Cezanne was one of the leaders of this period in art history. Impressionism was concerned with using light and hue in a natural way, but it was also very spontaneous while still maintaining a realistic feel. The Post-Impressionists rebelled against this method of painting, preferring to do the opposite. Artists like Gauguin, van Gogh, Seurat, and Cezanne were interested in the use of vivid yet unusual forms of colour, geometric forms, and a focus on expression. Cezanne wanted to return to order and structure in painting. Impressionism was known for its saturated hues and this is what he maintained in Curtain, Jug, and Fruit. The colours of the fruits in this painting are very vivid and bold, taking the eye of the viewer horizontally across the picture.
Even though this is a Post-Impressionist painting, there is a structure and an order to the artwork which is what Cezanne wanted to achieve. The jug on the left is opposite the plate of fruit on the right. The white cloth holds some more fruit that appears to be casually thrown on to it. Yet, even though there is a certain amount of disorder, it is contained because everything, the curtain, jug and fruit are on the table. The only thing that is unclear is whether the curtain is the blue cloth hanging next to the jug or the white cloth on the table. Neither the blue or the white cloth looks like a curtain.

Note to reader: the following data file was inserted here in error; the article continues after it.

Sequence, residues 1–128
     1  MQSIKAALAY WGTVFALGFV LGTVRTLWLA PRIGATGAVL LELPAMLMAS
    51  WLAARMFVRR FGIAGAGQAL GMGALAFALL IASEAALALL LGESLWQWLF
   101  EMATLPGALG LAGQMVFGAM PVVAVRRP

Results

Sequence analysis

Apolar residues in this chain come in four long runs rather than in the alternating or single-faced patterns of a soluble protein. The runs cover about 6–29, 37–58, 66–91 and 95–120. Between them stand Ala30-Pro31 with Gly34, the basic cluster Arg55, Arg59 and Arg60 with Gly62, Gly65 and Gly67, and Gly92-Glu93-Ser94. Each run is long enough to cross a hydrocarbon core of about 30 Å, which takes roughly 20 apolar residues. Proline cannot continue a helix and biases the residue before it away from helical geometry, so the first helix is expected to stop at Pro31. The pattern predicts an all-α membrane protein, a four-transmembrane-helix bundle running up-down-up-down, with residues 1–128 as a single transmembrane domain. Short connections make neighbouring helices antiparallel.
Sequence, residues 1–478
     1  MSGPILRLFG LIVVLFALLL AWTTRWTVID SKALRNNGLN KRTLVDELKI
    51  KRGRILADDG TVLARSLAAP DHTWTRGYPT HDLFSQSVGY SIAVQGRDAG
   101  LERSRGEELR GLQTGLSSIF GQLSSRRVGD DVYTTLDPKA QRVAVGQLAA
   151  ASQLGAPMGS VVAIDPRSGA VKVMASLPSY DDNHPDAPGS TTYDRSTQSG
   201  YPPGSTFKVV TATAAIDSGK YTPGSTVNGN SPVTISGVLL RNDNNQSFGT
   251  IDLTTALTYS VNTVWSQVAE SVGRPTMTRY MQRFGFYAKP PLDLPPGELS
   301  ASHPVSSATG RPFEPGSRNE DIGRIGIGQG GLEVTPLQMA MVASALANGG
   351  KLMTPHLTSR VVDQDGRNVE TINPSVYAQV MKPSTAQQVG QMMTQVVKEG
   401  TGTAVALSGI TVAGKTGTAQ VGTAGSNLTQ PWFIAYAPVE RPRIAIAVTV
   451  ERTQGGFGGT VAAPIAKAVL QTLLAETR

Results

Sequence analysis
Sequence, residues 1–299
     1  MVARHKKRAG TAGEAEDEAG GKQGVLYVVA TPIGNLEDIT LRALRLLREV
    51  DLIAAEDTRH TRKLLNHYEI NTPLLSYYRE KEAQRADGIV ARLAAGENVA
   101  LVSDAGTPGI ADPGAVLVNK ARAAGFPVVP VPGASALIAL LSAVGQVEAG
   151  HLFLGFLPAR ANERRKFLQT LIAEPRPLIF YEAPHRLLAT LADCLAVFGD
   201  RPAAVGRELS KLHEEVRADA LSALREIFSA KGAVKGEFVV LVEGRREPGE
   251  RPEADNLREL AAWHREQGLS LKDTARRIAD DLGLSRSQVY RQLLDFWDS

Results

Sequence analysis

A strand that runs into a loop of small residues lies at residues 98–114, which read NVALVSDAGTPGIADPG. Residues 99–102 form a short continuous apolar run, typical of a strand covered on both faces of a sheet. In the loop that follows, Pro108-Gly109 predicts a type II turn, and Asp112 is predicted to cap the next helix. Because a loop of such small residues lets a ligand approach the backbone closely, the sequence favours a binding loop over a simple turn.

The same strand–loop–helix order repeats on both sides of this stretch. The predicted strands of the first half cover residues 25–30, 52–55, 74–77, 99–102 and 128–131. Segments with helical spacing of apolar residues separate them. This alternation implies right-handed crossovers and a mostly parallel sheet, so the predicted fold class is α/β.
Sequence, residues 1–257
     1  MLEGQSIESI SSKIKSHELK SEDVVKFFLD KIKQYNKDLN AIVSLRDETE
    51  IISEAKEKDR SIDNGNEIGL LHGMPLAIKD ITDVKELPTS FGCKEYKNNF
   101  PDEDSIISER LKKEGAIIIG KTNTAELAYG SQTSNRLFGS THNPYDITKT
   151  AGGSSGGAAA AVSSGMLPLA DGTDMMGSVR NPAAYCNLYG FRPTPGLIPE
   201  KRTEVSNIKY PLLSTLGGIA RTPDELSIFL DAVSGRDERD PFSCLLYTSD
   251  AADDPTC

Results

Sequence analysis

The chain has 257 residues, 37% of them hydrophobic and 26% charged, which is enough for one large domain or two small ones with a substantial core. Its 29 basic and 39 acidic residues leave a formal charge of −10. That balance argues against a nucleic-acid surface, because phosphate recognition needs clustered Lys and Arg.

The focus of this artwork as with other works of Cezanne is perspective and the simplification of geometric shapes. The objects in this painting look very realistic, but there is a simplicity to them. It's as if the painting is a cross between reality and cartoon. The materials used to create this painting are oil paint and canvas. The application of the paint was usually thick with this style of painting and short brush strokes were typically used. The dimensions of this painting are 59 x 72.4 cm and it is part of a private collection. It is important to keep in mind that while Cezanne used certain techniques when painting Curtain, Jug, and fruit that his painting style was varied throughout his lifetime.